Aposematism


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Related to Aposematism: Voltinism, Mullerian mimicry

Aposematism

 

(also warning coloration and form), one of the types of protective coloration and form in animals. Aposematic coloration, which contrasts with the animal’s background, is demonstrated suddenly in response to danger and is usually combined with a threatening pose and sounds.

The back wings of certain moths of the family Sphingidae and the genus Noctuidae, as well as cicadas, locusts, and mantises, have eyelike spots or bright bands. Normally these insects are not noticeable, owing to cryptic coloration. When an enemy approaches, however, they open their back wings and unexpectedly reveal their bright coloring, which frightens off the predator. Caterpillars of the family Sphingidae assume a threatening pose, raising the front portion of the body slightly and inflating the thorax, on which eyelike spots protrude in some species. Octopuses, agamas, and chameleons assume a threatening pose and acquire vivid coloration; many reptiles also hiss. The death’s-head moth emits a sharp squeak by releasing air from its foregut.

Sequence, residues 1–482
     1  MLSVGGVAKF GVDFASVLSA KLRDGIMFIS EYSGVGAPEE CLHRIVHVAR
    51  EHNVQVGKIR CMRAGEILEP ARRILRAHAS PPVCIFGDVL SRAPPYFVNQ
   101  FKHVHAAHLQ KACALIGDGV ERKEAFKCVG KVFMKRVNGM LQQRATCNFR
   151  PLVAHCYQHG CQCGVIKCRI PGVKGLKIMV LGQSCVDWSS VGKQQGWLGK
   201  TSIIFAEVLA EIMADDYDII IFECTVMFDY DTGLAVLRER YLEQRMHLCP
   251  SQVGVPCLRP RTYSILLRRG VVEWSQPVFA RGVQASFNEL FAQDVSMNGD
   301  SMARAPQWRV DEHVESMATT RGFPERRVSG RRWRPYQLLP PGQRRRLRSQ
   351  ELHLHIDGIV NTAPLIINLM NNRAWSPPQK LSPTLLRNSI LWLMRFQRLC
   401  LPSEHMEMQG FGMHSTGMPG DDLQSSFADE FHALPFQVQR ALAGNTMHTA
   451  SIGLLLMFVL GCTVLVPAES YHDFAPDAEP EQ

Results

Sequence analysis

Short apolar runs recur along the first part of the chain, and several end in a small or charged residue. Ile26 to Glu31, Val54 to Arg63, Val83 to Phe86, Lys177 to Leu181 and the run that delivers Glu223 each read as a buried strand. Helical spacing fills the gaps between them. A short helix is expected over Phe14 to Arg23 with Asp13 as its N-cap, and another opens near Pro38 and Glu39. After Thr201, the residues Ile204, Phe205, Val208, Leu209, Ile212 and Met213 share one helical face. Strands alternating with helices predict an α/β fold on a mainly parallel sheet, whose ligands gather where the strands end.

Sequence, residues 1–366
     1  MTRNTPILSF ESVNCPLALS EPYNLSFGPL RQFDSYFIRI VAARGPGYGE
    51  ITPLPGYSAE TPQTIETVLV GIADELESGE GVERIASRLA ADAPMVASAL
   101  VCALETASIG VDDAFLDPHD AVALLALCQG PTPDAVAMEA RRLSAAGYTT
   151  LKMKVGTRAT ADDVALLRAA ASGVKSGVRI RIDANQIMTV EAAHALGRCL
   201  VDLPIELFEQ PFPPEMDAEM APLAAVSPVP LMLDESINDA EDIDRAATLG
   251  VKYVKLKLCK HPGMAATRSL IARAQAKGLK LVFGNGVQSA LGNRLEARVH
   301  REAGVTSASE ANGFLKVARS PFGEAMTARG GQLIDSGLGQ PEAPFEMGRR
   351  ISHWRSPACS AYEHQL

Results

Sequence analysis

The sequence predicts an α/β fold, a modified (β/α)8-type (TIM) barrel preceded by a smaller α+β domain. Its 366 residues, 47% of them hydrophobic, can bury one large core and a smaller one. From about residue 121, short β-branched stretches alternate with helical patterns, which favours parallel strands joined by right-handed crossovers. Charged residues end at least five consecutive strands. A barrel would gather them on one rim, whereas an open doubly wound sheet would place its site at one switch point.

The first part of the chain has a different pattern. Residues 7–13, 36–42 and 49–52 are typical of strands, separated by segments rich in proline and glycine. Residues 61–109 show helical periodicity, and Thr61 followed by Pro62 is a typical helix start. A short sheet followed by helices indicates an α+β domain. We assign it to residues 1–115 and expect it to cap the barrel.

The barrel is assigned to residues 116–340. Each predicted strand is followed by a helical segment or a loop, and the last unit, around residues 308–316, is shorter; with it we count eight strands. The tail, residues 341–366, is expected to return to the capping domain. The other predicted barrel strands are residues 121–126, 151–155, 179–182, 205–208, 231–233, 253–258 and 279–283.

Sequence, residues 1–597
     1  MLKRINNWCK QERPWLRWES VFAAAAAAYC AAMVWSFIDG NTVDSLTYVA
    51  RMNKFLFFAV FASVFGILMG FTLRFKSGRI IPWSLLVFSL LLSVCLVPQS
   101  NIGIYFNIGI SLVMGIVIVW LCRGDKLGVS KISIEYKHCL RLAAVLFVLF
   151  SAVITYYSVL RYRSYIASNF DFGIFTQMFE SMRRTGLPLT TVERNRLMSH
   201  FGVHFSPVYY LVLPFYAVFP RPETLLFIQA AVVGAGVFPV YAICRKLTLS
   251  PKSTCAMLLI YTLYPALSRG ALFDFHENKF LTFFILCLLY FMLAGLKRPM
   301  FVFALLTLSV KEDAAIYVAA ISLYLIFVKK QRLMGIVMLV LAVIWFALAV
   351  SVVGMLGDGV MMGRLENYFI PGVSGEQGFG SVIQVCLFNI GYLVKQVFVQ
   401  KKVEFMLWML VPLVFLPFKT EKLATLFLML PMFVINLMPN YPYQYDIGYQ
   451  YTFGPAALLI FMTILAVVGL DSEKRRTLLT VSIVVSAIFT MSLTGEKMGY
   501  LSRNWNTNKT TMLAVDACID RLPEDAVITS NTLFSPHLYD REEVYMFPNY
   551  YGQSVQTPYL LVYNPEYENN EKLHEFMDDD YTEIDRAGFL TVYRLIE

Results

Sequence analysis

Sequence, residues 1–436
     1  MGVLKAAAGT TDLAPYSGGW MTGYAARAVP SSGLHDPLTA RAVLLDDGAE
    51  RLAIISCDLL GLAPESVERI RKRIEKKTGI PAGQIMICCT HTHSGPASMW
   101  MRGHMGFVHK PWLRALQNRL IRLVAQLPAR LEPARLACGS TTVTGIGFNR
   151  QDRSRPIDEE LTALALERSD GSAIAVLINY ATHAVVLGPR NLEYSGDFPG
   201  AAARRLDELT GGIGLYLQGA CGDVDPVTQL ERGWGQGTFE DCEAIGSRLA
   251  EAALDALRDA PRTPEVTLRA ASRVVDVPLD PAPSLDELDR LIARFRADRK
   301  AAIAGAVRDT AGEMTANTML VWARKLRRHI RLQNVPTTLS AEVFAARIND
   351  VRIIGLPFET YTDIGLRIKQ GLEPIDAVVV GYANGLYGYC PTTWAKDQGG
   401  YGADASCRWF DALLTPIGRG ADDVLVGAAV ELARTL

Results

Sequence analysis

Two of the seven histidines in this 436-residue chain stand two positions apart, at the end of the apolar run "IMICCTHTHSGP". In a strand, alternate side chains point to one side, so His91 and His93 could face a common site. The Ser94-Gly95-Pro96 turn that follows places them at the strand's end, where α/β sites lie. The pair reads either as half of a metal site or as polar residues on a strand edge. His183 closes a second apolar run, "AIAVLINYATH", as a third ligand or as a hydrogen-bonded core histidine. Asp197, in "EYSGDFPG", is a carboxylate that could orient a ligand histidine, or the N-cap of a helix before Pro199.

Aposematism protects animals from predators and gives them an advantage in the struggle for life.

I. KH. SHAROVA

References in periodicals archive ?
Warning displays in spiny animals: one (more) evolutionary route to aposematism.
Mimetism must not be confused with aposematism as a whole, as descibed above.
Density-dependent aposematism in the desert locust.
1999)--for which the presence of food-derived, feeding-deterrent terpenes in the MDFs underlying aposematism has been demonstrated (Cimino et al, 1982; Avila et al.
In view of the monophyletic origin of this group of sympatric Hypselodoris nudibranchs, the similar color pattern and their aposematism may have been inherited from their common ancestor and therefore not the result of convergent evolution.
Aposematism and gregariousness: the combined effect of group size and coloration on signal repellence.
In addition, the existence of many solitary aposematic species suggests that aposematism can evolve through individual selection (Jarvi et al.
Aposematism and synergistic selection in marine gastropods.
549) or in other words, "because aposematism is so widespread" (Pagel 1991).
Using a statistical test, one would ask whether aposematism is more likely to evolve in solitary than in gregarious species, that is, if the state solitariness somehow influences the evolution of aposematism.
The observed coincidence in prey animals between conspicuousness and unpalatability may not be due to aposematism.
Adaptive coloration, antipredator mechanisms, aposematism, elapid snakes, mimicry, vertebrates.